Welcome to Anne's recommendations! The written word has been as natural a part of Anne's life, as breathing, for as long as she can remember! When her children were old enough and she wasn't moving every couple of years, working in a bookstore just seemed to naturally follow. Her first job was very part time, at a Walden Books, then Elly Gore hired me for my first job at Schwartz in 1991, and the rest is history. Mysteries have always been her "secret sin," although she also love general fiction and some history and biography. Her entire extended family are readers, perhaps it's the Irish bloodline, and her youngest brother is an actor and playwright.
Check out what Anne has been reading below!
I knew nothing about this topic when I started -- including that Franklin had a son, let alone a Loyalist. A fascinating picture of that period of history and the cost that the founding of this country demanded from families.
"Gamache has retired to Three Pines, looking forward to its peace and quiet. The death of a child, a fanciful chatterbox whose pesky presence Gamache tried to ignore, pulls him in to a devastating mystery with roots far in the past and a connection to his friend, the cantankerous poet Ruth. Louise Penny always comes through with a great read - each book just gets better!" --Anne
"Haruf takes us on one last trip to Holt, Colorado for the poignant, gently courageous story of Addie Moore and Louis Waters. When Addie proposes a rather shocking solution for the loneliness of her life, a startled Louis decides to go along with it, and their lives are never the same. The openness and resilience of these older people is in marked contrast to the closed off way their children approach life. Simple things provide great joy, and I found myself cheering for these two all the way along. Inspiring and lovely. Thank you Kent Haruf for this final gift." --Anne
"It may not be a complicated story, but what a story it is! Laure gets mugged. Laurent the bookseller finds her purse. He tries to find her. As he gets clues to her life and gets closer and closer, he finds himself wanting to know everything about her but at the same time, scared to meet her. It takes his precocious daughter (his fairy goddaughter?) to put them together. Such a delightful tale, perhaps even better than The President's Hat. I thoroughly enjoyed it!" --Anne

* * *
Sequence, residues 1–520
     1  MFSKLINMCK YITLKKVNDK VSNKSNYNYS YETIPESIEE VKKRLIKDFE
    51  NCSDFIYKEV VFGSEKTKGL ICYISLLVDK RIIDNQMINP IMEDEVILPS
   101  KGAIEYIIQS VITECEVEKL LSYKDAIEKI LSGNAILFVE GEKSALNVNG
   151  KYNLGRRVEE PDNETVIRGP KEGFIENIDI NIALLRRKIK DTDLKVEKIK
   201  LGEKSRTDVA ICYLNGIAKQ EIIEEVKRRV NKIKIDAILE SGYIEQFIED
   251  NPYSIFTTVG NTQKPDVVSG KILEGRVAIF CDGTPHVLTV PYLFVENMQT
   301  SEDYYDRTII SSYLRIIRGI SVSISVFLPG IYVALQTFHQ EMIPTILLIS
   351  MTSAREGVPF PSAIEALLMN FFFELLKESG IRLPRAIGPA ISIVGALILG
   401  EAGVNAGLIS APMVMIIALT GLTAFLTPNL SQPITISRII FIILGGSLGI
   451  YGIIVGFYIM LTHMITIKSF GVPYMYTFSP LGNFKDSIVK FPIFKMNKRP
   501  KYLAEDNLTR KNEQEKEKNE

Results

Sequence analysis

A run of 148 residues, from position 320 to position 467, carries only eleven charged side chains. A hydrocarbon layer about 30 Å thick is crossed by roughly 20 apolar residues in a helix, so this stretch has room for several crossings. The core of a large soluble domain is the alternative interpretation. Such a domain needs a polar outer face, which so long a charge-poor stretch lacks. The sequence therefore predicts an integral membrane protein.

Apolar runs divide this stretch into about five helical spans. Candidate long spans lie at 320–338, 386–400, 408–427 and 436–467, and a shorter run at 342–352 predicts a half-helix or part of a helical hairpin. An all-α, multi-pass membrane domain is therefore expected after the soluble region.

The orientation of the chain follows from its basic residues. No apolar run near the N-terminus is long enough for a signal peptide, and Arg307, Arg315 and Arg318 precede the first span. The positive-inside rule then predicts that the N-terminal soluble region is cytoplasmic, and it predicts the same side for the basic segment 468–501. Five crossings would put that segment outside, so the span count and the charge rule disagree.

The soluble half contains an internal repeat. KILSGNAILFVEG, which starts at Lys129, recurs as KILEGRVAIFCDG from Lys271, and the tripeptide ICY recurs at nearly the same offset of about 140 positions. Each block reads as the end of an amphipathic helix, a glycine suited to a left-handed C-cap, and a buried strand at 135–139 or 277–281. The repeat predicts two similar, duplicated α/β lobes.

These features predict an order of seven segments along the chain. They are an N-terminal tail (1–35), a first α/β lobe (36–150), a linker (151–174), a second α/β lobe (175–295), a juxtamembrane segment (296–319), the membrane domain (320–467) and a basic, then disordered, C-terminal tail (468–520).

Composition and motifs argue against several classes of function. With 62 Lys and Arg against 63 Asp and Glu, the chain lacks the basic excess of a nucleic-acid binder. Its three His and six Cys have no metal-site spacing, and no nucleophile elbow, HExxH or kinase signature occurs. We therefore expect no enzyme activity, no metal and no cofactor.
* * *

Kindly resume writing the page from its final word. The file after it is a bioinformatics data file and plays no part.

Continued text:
"If you loved the novel by Anya Seton, this history of the 'real' Katherine is fascinating. I loved them both!" -- Anne
If anyone needs proof that literature can change lives, here it is. This is an amazing story, beautifully told, of the impact Shakespeare's work had on one remarkable man, imprisoned for life, and his teacher. This must read is one of the most important books I have read in a long time; I'm still reeling from the power of the ending.
"This is the first in a projected series of four mysteries; the sense of place is strong and wonderful. Bouman's characters are like people we might know--at once simple and complicated--as they struggle to cope without side influences that are changing a rural way of life which has existed for generations in northeastern Pennsylvania. Officer Harry Farrell is someone I look forward to meeting again." -- Anne
"This fascinating mystery by first-time author Elsa Hart is set in China in the 1700's and features an exiled librarian as the unlikely detective. The puzzling murder of an elderly Jesuit astronomer is set against a background of vibrant culture, science and politics to form a compelling tale. I’m very much looking forward to the next adventure with the intelligent and observant Li Du." -- Anne
"Author Simon Van Booy has produced a beautifully written set of stories that appear distinct but eventually come together to show how connected people and events really are. I have read this book multiple times, and it is a joy every single time." -- Anne
"What a sad story! Rosemary Kennedy’s family loved her and protected her, but the time into which she was born was certainly no help; the family felt the only choice was to hide her disabilities and put on a brave face. Even the family money could only do so much. And the surgery her father chose for her was truly tragic. I think he had the best of intentions, but was seriously misled, and the results were devastating. She was, as her mother referred to it, the first Kennedy tragedy." --Anne
I am predisposed to like this, as he is Irish. It's probably not for everyone, but his language is beautiful, and I found the things he was relating very interesting. It's a biography that is anything but plodding (have read my share of ones that just about put me to sleep!), and since I like both his fiction and his mysteries, I was drawn to this.